The tag-line we have chosen for our new logo, “Where Church is Family” is especially appropriate for us considering our experience over the past year. The lockdown in many cases created a lockout for many of us in regard to our church family relationships. I can’t help but draw parallels to my biological family relationships.
Our children all live in Arkansas and our mothers live in Alabama. For most of the year we were stuck in the middle (literally, in Mississippi) close to four hours drive from both. Our busy lifestyles, job situations, and health concerns kept us from our normal visits and holiday celebrations. We talked a lot on the phone. We Zoomed and Facetimed each other. We even arranged to make a few “socially distanced” in person activities, but it was just not the same. In our case, we are a close-knit family group, so while difficult; the year didn’t prove devastating to our relationships. However, I know that is not the case with all families and certainly not with many in the church.
For many churches the lockdown has devastated church attendance, contribution, Bible school programs, ministries, spiritual growth,
discipleship efforts, and personal relationships. The Boise church has not been spared these difficulties. However, for many of us (perhaps most), our spiritual maturity and close-knit relationships have allowed us to survive this ordeal. Not everyone can make that claim and even those of us who can, have suffered.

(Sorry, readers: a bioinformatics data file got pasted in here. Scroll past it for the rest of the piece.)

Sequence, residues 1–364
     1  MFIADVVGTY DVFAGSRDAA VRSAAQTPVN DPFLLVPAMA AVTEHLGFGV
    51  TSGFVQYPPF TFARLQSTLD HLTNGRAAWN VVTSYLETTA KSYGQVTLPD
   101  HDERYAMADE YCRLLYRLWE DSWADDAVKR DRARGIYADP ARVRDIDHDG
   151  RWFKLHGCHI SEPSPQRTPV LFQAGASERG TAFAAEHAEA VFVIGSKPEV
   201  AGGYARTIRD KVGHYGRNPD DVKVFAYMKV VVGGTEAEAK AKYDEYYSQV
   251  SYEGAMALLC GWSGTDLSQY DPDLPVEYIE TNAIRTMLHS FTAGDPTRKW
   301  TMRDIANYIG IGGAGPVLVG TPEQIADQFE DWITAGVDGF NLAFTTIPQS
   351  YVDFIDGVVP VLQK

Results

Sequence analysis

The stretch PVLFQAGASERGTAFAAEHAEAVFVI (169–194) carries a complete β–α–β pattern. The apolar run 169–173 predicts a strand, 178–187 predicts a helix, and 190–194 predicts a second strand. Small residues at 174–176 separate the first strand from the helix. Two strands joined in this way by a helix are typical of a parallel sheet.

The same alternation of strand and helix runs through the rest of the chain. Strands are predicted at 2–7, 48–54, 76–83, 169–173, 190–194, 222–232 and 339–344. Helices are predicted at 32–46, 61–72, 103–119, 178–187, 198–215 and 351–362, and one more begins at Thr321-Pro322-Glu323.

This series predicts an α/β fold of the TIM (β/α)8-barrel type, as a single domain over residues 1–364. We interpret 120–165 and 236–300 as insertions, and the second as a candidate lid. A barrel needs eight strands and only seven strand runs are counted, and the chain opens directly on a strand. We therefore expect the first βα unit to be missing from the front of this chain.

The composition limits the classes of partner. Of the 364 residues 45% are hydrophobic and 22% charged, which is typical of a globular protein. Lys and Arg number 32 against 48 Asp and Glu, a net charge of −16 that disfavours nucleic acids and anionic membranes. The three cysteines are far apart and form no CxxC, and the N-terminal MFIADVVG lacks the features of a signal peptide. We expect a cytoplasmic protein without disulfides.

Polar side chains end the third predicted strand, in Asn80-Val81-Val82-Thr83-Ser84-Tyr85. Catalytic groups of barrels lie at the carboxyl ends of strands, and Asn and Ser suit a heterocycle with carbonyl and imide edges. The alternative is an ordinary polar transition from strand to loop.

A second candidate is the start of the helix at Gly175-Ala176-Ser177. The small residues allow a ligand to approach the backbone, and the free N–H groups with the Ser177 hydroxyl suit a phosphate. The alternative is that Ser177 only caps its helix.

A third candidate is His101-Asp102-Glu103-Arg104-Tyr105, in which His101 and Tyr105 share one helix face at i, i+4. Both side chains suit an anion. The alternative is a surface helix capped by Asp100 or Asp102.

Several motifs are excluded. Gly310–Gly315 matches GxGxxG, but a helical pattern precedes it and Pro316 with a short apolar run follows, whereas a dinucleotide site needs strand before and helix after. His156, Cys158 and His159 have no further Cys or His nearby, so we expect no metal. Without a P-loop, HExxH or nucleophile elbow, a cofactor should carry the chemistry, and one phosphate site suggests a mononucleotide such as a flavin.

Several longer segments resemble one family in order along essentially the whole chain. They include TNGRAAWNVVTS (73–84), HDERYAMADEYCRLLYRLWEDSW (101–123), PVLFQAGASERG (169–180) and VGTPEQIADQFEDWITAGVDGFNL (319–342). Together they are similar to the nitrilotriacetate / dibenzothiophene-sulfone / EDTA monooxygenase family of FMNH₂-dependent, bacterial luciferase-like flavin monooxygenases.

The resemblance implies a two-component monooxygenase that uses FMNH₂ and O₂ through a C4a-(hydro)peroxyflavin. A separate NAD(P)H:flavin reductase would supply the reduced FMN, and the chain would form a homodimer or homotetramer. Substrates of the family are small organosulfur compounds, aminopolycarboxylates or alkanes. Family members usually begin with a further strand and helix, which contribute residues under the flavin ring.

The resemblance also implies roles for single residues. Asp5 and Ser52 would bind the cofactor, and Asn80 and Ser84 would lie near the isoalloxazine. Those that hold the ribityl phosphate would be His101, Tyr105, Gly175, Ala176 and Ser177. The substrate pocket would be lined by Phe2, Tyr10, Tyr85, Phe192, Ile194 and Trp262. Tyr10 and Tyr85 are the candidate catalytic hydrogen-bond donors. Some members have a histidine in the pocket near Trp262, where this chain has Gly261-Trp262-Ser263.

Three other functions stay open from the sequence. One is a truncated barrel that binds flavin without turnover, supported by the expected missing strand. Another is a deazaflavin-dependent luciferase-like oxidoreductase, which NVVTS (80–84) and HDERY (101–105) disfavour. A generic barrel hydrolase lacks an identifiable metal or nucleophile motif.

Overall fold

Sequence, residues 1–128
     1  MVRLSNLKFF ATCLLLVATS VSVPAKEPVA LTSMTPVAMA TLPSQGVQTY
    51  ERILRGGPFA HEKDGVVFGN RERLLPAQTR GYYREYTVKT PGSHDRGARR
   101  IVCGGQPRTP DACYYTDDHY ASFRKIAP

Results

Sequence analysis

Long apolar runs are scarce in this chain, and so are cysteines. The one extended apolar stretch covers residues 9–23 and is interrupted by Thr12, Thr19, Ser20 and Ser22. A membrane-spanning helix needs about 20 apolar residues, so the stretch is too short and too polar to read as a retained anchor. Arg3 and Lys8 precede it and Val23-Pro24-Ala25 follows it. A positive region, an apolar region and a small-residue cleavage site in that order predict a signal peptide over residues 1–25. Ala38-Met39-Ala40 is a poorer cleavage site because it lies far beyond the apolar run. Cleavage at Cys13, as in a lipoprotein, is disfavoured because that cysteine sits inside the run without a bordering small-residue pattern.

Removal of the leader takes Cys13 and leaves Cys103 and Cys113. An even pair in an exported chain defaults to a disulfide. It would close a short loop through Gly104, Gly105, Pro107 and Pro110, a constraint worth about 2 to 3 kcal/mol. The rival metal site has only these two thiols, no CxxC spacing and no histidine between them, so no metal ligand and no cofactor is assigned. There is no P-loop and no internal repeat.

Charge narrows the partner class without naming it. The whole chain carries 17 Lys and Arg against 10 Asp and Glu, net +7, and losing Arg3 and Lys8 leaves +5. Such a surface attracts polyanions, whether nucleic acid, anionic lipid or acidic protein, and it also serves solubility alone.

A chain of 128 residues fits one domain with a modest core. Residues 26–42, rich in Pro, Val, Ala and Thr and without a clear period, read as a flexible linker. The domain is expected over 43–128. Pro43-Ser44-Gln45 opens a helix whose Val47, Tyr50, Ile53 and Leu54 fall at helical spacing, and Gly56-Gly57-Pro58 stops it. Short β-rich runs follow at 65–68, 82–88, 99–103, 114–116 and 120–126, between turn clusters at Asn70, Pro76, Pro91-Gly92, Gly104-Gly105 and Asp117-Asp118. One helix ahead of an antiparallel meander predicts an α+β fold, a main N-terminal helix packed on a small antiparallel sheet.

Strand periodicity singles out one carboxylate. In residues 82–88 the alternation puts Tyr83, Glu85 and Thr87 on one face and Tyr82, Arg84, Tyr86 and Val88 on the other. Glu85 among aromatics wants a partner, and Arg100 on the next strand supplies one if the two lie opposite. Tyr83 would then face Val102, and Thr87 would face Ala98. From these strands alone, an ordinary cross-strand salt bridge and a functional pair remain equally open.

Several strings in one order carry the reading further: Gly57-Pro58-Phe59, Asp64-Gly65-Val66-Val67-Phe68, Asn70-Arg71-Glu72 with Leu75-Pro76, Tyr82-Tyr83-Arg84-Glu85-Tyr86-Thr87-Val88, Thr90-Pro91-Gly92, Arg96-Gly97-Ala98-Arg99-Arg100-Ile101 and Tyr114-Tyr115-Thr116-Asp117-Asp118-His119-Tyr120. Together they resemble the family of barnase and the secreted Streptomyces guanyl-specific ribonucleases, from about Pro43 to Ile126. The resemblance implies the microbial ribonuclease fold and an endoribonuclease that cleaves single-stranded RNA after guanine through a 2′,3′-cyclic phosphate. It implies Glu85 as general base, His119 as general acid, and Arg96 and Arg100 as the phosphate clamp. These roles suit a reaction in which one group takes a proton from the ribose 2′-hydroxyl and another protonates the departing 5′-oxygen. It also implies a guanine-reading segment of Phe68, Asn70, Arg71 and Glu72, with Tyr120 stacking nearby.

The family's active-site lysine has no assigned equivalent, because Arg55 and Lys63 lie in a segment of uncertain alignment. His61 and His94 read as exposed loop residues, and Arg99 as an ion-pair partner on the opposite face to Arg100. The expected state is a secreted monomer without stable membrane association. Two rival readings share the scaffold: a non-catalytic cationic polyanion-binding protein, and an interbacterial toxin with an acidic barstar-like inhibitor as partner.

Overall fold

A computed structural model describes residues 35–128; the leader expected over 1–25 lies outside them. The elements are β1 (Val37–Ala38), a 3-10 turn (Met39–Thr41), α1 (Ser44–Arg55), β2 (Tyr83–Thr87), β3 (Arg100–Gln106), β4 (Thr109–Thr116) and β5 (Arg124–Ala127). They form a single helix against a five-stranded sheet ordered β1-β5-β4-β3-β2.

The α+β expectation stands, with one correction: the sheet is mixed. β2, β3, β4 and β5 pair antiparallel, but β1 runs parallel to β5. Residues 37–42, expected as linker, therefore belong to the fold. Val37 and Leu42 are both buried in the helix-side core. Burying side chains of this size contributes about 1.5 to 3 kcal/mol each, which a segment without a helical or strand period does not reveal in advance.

This is why we need to remember that our church is family. We are the children of God. He is our Father. We are brothers and sisters in Christ. The church is called the household (family) of God (John 1:12; Matthew 5:23-24, 6:9, 12:50; Ephesians 1:5, 2:19; 1 Timothy 3:15).
As family, we have relationships with each other that need to be cultivated, nurtured, and grown. This is where the Bible speaks of the one-another bond we share. Allelon, “one another” is a reciprocal pronoun found one hundred times in the Greek New Testament. It is usually translated “one another” or “each other” and used as a direct object like in John 13:34, “Love one another.” It is word that describes a relationship which, as in this case, is mutual and reciprocal. We are commanded to reciprocally love one another as Jesus’ disciples.
This mutuality is the subject of my latest series of messages. I’m using the term one-anothering to describe the behavior we are to exhibit in our relationships with our brothers and sisters in Christ.
Last week I spoke on our need to encourage, strengthen, motivate one another. This week we will discuss the need to pray for and confess our sins to each other and the many ways the Bible teaches that we are to help each other. Please join us!
Have a Great week! Joey